“If there is a demand, a builder will build anywhere.” Cox said. But Cox, who also is an Urbandale city councilman, said city leaders who strongly value development can make a difference in their city’s attractiveness to builders and “growth is the difference between high taxes and low taxes.”
It is interesting to note that in Waukee - something of a wonderland for residential construction during the boom years - all of the commercial permits have been for retail projects, following the development adage that retail follows rooftops.
Mark Rupprect, president of R&R Realty Group, said developers want to offer their commercial clients access to nearby residential neighborhoods and amenities. The company is preparing to build its first multifamily project in two decades, and for a location, it has chosen its Country Club Office Plaza at Jordan Creek Parkway and Vista Drive in West Des Moines. For renters, the company is looking for young professionals who might work in or near the office plaza.
And it helps to plan a project for a city where you already own land, developers say. They say there is little $4,000-an-acre farmland for sale to developers, unlike in pre-recession days. At $12,000 an acre, it is unlikely that buyers will pay 10 times that price, as they as did for cheaper land before the real estate markets tanked.
Cox said residential tax abatement programs also influence builders, but the statistics don’t necessarily bear that out.
Grimes, Johnston, West Des Moines and Ankeny have shown the strongest recovery in housing construction and none of those cities have citywide programs to abate the owners’ property taxes on new homes for a series of years. Tax abatement programs, however, may help cities balance the scales on other disadvantages. Des Moines’ multifamily construction is up more than 1,000 percent, for example. Much of that growth is in the downtown area, where a special urban core abatement program is even more generous than in the rest of the city.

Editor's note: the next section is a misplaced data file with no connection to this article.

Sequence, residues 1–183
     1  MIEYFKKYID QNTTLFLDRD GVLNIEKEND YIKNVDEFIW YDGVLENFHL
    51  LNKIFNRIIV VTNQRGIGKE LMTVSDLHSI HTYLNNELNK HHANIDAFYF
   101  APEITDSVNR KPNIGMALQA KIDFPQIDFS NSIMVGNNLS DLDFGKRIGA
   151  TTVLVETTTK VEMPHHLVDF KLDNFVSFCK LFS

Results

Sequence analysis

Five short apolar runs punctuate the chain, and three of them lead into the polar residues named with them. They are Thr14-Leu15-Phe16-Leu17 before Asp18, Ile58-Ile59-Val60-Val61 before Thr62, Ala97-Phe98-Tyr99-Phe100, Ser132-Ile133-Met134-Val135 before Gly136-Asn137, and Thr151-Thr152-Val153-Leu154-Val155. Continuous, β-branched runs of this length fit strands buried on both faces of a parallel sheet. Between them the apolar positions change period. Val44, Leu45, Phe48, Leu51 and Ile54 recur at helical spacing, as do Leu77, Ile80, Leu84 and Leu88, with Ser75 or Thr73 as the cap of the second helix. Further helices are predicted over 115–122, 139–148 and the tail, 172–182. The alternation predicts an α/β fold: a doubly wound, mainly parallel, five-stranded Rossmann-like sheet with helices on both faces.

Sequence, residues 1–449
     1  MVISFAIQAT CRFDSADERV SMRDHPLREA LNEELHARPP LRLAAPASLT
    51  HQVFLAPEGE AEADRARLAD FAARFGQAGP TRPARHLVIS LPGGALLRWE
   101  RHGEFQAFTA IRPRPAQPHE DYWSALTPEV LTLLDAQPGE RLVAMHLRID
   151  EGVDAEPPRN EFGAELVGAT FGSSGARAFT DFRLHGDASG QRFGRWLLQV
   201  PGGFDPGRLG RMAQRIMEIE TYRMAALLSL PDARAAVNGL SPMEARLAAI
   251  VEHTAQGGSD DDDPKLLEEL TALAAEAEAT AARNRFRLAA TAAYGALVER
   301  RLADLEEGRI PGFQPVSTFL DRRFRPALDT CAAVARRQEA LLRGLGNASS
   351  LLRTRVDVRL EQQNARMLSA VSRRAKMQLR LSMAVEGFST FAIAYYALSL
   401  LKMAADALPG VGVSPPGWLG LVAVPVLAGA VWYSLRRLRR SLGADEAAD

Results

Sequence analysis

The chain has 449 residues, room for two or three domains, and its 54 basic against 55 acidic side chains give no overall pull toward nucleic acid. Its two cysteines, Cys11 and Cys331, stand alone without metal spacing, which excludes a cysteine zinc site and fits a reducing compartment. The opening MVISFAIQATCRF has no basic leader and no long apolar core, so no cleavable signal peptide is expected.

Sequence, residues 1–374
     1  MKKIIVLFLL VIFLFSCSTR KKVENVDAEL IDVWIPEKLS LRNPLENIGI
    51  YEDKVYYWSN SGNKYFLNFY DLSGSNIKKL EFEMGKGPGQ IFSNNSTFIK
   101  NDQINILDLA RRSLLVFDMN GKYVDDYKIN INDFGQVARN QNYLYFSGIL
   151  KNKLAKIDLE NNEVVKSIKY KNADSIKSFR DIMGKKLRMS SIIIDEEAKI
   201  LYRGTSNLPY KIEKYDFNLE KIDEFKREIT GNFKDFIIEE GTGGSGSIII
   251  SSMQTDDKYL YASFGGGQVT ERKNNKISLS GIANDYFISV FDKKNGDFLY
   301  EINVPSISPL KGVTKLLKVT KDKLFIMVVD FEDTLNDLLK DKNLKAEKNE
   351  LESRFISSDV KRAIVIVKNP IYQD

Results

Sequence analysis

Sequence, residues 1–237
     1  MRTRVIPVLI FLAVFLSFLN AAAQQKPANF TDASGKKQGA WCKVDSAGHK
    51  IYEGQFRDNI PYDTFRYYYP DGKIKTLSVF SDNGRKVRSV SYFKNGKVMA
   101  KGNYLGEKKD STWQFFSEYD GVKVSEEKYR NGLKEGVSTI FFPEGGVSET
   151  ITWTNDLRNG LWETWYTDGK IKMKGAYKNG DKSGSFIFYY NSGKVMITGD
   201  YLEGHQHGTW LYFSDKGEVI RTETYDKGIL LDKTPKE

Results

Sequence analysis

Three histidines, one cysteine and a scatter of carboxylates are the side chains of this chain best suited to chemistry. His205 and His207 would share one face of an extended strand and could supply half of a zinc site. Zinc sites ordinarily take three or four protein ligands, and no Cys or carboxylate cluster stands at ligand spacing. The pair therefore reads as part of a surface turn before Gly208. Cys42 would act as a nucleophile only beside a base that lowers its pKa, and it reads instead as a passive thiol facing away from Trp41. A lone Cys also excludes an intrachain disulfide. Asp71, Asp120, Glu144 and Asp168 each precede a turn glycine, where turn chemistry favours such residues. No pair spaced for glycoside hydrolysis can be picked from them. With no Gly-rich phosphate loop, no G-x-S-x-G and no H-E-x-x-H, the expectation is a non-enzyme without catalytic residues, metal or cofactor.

Matt Anderson, assistant city manager in charge of economic development for the city of Des Moines, remarked recently that projects underway in the city “just seem to come to us; we don’t have to go looking for them.”
So what are the cities doing right, or wrong, to encourage development?
In some cases, communities seem to thrive in spite of themselves. City leaders in booming Waukee are well aware that the fees they charge home builders are nearly double those of any other city. Waukee issued the second most permits for new homes in 2007 and the third most in 2012. A City Council goal is to address those fees and maybe also shorten the two-week turnaround to obtain a building permit.
West Des Moines has some of the most rigid development standards in Greater Des Moines. Developers will grumble about some rules, such as counting the number of cars created by commercial and residential developments down to the last taillight, but they add, “You just learn to deal with them.”
Joe Pietruszynski, vice president of land development for Hubbell Realty Co., said any city with a vast planning department is going to present more hurdles to jump. However, cities such as Waukee, Urbandale, West Des Moines, Des Moines and Ankeny have improved their appeal and efficiency with builders and developers by adding in-house economic development departments where developers can get quick and authoritative answers to their questions.
“When you need to visit about issues, such as incentives from a city, it’s important to know that the person is a city staffer,” Neugent said.
In the end, however, the most important issue is how much a developer paid for land and how much it can be sold for, he said, noting the costs of running sewer lines and building streets are roughly the same city to city.
“What are lots selling for? That really is it,” Neugent said. “I don’t think it’s any more sophisticated than that.”